By Artist Laura Melissa Williams
The art world has always been experience-driven: galleries, street art or theatre leave the viewer with their unique thoughts and feelings. But as our economies, society and technology change, how might the ways we experience art and interact with artists shift? Why do art experiences actually matter and what place might they have in our future?
Here are the three ways I believe art experiences matter.
1. Artists help you see the world differently
Artists see the world through a different lens. We question and challenge what is right, beautiful, ugly and normal. We imagine a different world and often exist in a different world too – both in our minds and in the way we choose to live.
Yet we’re misrepresented. In the media and the minds of others we’re often thought of as weird, odd and even seen as crazy. The language used about us is often negative. Even Google predictive search seems to agree.
Yes, artists can be, and are often fringe members of society. But you can’t tar every artist with the same brush. The artists that I’ve met are some of the smartest and articulate people.
Getting closer to artists, even if just spending one day in their company, will stretch your thinking, open up new ways of seeing our world and change how you think about the future.
2. The need for creativity has never been more critical to the world we live in
We need to raise the profile of creativity and change how people perceive and value it.
We live in an increasingly complex, adrenaline charged and stressful world. Technology is invisible. Political and social systems are interconnected, fragmented and global. It’s my belief that the challenges our world faces are huge and will in time impact us all – including those in the developed world.
To live in the kind of world we dream of, we have to create it. And first we have to imagine it. Creativity is needed to look for solutions and solve problems – across all disciplines including politics, science, technology and the arts. Many people link creativity with the act of producing art, not the process that rests behind it or any activity which requires experimentation, failure and sharing.
Many people struggle with art. They’ve had bad experiences at school or in stuffy elitist art galleries. And so creativity is also tarred with the same brush. The belief that “I’m not creative at all” is one myth that I feel passionate about busting. Creativity is as much about mindset as it is about the process, practice and the final piece you’ve created.
Spending a day with an artist is one small step to breaking through the fear of the blank page setting you on a journey to building your confidence towards a creative mindset.
3. The economy around experiences is growing – and artists should be a part of it
The ‘Experience Economy’ – first coined by B. Joseph Pine II and James H. Gilmore in 1998 – has come of age. We’re moving from a post-consumer goods society and into the consumer experience era. Increasingly, we’re doing things, not buying things. And according to leading financial institutions we’re spending more. To cope with these behavioral changes high street shops are transforming into museums or immersive ‘experience outlets’ which are more emotionally engaging.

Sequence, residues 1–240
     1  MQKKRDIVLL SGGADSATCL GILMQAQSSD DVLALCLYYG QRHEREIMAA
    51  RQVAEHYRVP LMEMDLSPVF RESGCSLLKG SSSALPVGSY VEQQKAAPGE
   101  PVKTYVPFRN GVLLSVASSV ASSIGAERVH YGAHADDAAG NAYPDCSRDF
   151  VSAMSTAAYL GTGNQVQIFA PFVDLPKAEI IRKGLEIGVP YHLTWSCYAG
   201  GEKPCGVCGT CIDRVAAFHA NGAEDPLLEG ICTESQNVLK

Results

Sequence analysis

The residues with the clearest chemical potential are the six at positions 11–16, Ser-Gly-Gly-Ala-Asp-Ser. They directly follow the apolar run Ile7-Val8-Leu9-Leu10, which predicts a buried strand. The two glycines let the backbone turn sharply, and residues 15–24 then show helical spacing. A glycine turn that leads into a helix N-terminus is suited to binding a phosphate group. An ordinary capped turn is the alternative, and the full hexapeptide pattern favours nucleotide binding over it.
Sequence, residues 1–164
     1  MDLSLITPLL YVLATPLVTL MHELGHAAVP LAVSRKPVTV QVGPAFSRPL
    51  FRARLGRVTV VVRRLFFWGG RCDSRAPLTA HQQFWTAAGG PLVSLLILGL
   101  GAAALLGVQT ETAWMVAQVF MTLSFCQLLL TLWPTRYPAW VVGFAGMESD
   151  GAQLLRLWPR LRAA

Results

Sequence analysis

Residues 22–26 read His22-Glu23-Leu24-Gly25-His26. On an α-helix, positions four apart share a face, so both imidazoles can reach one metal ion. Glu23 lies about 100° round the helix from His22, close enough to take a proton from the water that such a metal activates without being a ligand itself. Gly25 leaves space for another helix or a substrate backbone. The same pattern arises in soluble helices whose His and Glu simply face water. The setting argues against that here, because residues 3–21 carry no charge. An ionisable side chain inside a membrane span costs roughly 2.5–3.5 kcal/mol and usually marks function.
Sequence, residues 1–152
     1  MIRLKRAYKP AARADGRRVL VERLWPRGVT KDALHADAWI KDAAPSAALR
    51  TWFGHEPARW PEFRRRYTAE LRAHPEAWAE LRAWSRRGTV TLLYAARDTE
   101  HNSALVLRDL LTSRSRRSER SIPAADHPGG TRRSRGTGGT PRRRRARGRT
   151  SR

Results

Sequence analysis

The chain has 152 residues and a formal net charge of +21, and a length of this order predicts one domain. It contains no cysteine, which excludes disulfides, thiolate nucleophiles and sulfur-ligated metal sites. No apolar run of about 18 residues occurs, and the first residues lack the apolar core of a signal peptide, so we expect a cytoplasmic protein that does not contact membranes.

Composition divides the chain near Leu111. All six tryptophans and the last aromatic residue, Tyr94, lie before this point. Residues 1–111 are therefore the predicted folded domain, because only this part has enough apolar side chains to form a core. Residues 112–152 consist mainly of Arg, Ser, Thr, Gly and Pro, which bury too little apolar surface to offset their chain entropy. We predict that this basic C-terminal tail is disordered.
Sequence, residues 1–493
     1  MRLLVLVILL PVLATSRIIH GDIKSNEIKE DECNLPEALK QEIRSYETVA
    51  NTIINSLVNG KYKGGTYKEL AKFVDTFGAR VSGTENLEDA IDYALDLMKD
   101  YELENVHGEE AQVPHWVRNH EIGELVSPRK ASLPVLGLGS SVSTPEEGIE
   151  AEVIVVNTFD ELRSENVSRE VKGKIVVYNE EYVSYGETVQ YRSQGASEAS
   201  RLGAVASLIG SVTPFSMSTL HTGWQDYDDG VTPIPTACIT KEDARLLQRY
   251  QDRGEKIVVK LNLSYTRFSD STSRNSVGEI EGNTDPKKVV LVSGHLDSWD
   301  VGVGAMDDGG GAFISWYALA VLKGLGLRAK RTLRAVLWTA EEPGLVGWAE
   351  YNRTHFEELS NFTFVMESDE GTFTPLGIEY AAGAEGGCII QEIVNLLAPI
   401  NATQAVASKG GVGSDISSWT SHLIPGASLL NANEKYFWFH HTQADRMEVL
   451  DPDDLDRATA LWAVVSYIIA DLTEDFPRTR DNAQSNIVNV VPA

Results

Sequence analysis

Other industries are doing it: and the art world is getting in on it too. Massive cuts to the art sector has meant new forms of revenue are needed through a new business model for engagement. Experiences are increasingly a critical income stream for arts institutions: supplementing (or moving away entirely) from the traditional ‘white wall’ set-up and into new and (arguably) more exciting forms of delivery. Think Tate Lates, or the monthly Natural History Museum Lates, which sees queues looping around the building such is the demand.
These experiences support the arts to become more accessible and exciting to both new and existing audiences and increases profitability and long-term sustainability. Experiences appeal to all, especially today’s generation who invest in memories over ‘product.’ These experiences shape how people think and behave, give them stories to tell and trade and open up minds to learn about themselves.
Individual artists and entrepreneurs are also realising the potential of experiences: In recent years there’s been a notable rise in the number of immersive installations created by artists, and art is also moving out of the gallery into the public sphere. Franchise Freedom – a flying sculpture by Studio Drift in partnership with BMW is a flying swarm of 300 illuminated drones and flown at night over the sea or other landscapes. It’s mesmerizing and was a key feature at Art Basel Miami last year.
Or Unknown Fields – an artist collective and nomadic design studio who you can join on expeditions into the “shadows cast by the contemporary city, to uncover the alternative worlds, alien landscapes, industrial ecologies and precarious wilderness.” Places they’ve explored include The Chernobyl Exclusion Zone and Area 51.
Closer to home, founder Minna George created ArtExperiences: a platform designed to ride the crest of the Experience Economy wave in the visual fine arts, by connecting artists with others and offering them the opportunity to glance behind the scenes: into their studio and their minds, connecting through art and sharing stories, experiences and skills.
I believe that Minna is on the cusp of a wave: the need to connect people who’d never usually meet, the right economic model and timing and the need for helping people on their individual creative journeys.